First of all, watch this BBC video about the experiment which seems to pretty conclusively show that real decisions are not done in the conscious mind. It's not even 6 minutes long, so no great commitment After watching, what is your reaction?
The experiment shows that decision-making is done in the unconscious mind up to six seconds before we are aware of it, and not as the result of conscious deliberation.
Bear in mind that decision-making as studied in this experiment differs from other behaviors such as reactions and reflexes, though they also are not really done through a conscious deliberative process. They are situations where time doesn't allow deliberation and your body and nervous system "just do it." Avoiding a child running into the street, for example, doesn't result from a decision-making process but is done as a simple reaction that is not handled in the brain proper but is handled by the nervous system, much the way you don't decide to blink when someone flicks a finger at your eyes.
The group given the suggestion that there is no free will consistently lowers their standard of behavior by cheating and lying more, and so on.
But don't you see that this experiment, if it proves anything at all, proves that SUGGESTING there's no free will has the result of making them less honest. So, this behavior, in terms of the experiment, can only be construed as the result of the suggestion. It has nothing to do with whether or not each individual actually BELIEVED that free will doesn't exist. Perhaps it was a cynical, "Well, if YOU don't believe in free will, why don't I cheat? I can always say that I did what I did because I have to and you have to accept that explanation."
Now, I'm a hard determinist, and as such I can believe on the one hand that whatever one does is what one is destined to do, but on the other that whatever that is depends upon the input of the particular situation. If someone suggests there's no free will, that becomes input and part of the process.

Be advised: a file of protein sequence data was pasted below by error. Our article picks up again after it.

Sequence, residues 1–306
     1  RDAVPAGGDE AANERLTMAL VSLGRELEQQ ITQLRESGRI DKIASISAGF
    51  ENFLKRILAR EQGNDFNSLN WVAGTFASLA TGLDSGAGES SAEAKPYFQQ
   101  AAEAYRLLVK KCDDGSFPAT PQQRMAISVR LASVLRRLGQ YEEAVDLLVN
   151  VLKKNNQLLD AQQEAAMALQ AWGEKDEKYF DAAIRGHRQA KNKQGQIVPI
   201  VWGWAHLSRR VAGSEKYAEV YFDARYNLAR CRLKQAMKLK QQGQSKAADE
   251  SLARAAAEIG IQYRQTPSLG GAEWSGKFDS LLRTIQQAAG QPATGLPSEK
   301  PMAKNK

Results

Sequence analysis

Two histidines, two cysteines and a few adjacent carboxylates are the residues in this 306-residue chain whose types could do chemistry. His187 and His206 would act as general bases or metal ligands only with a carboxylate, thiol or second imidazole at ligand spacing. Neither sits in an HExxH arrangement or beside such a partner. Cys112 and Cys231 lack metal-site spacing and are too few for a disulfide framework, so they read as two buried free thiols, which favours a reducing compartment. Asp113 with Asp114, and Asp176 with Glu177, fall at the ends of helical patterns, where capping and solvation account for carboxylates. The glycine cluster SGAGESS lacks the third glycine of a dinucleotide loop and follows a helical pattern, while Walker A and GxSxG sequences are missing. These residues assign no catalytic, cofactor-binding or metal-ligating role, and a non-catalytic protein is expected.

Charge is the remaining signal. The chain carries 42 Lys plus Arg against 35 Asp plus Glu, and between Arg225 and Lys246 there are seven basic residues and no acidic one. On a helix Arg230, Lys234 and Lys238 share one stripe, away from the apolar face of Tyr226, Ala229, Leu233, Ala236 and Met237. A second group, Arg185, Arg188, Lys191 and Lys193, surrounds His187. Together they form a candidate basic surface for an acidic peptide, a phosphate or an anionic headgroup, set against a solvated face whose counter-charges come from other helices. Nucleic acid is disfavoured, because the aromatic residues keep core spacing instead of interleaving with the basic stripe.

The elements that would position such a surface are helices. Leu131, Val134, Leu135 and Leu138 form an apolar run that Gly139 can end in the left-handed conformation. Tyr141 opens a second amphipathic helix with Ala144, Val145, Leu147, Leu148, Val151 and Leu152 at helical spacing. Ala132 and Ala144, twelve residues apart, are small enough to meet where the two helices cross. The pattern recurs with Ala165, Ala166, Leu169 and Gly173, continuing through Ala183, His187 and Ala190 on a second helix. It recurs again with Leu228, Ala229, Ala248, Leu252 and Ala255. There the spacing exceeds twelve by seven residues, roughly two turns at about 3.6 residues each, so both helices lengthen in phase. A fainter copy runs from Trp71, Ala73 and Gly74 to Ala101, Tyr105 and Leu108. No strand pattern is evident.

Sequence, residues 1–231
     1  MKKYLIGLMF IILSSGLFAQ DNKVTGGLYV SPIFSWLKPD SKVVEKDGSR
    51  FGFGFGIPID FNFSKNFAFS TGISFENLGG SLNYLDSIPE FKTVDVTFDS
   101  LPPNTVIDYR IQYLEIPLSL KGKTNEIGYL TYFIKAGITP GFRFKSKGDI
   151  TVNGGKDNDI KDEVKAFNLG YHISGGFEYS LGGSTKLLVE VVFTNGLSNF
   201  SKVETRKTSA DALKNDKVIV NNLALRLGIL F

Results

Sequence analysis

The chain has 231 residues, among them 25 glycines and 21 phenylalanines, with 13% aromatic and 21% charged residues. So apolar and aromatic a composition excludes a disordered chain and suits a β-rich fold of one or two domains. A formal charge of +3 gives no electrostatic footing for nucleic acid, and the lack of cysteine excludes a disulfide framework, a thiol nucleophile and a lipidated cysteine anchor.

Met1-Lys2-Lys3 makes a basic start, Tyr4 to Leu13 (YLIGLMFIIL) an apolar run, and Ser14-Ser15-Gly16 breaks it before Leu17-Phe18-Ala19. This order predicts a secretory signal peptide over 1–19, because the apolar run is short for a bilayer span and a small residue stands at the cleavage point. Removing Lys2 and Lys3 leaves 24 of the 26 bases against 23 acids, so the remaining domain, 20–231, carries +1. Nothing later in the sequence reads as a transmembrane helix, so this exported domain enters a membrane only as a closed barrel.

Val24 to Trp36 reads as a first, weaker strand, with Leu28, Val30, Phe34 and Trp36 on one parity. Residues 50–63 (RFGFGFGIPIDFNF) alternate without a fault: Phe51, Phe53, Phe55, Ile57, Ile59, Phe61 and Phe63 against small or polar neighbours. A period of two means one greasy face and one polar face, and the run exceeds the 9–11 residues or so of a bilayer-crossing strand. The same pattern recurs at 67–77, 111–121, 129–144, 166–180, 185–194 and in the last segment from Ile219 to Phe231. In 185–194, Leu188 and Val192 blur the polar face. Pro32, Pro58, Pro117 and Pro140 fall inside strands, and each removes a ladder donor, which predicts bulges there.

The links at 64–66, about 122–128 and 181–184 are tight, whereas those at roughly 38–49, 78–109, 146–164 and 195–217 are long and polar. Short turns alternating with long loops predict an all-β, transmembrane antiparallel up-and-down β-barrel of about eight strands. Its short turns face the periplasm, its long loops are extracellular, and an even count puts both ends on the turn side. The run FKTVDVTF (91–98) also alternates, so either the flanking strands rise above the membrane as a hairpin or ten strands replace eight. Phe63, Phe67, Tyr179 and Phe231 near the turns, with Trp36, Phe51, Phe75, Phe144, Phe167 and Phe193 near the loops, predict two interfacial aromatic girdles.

Is "true karma" the "karma" of Hinduism and Buddhism, which determines the nature of one's next birth?
All too often, when Westerners use the term, what they really mean is encapsulated in "What goes around, comes around," which is a different thing entirely.
I read something once from an old guru once that has stuck with me and it goes something like this.
"Predestination versus free will: a will is free only so long as it has not acted. Once it acts, then that very act becomes binding on it. The second time it acts, it does not act as a free will, but as a “calculating will” for it carries the experience of the first act with it. And calculating will is not a free will, but a limited will. The very creations or acts of a free will work as limiting factors upon it and guide in its future, activity...." Sawan Singh (I always that this was a pretty simple but effective argument I could use on 'fundies' to illustrate that free will is an illusion at best)
Now of course there are genetic and environmental factors that further inhibit any kind of initial absolute free will. Society and Culture, education, language etc.. We work from a limited and confining toolbox at best, and each of us has our even smaller limited toolbox that we fill up from the big box...
There are so many determining factors going on from all sides that no action that is performed is free of them. This is one of the things that let me realize the idea of individual karma was bogus. There's no way to separate one action completely from all the determining factors on it. You could use the same argument for individual sin.
It appears that the guru was unaware that even that first act isn't exemplary of free will because the feeling that one did it consciously turns out to be an illusion. In fact, since our real mental life takes place preconsciously, our normal everyday perception of being where we are, acting in the world, is a kind of illusion. We are not actors at all, but are passive puppets of a part of our mind we cannot consciously access.
"We are not actors at all, but are passive puppets of a part of our mind we cannot consciously access."
LOL the irony is that is what the yogi's say as well and why they teach meditation.
His idea of initial action was the first step away from the godhead towards the physical world. etc.etc.etc.. yada, yada, yada.
The old axiom 'You are what you eat' seems to be true. You are also what you think...(even if its unconscious)
You can only eat from what's available and you can only think with the tools that have been fashioned from society, culture, education, genetics, environment etc.. Even thinking outside the box, and creating your own tools, must be fashioned using the limited toolbox that's available to us.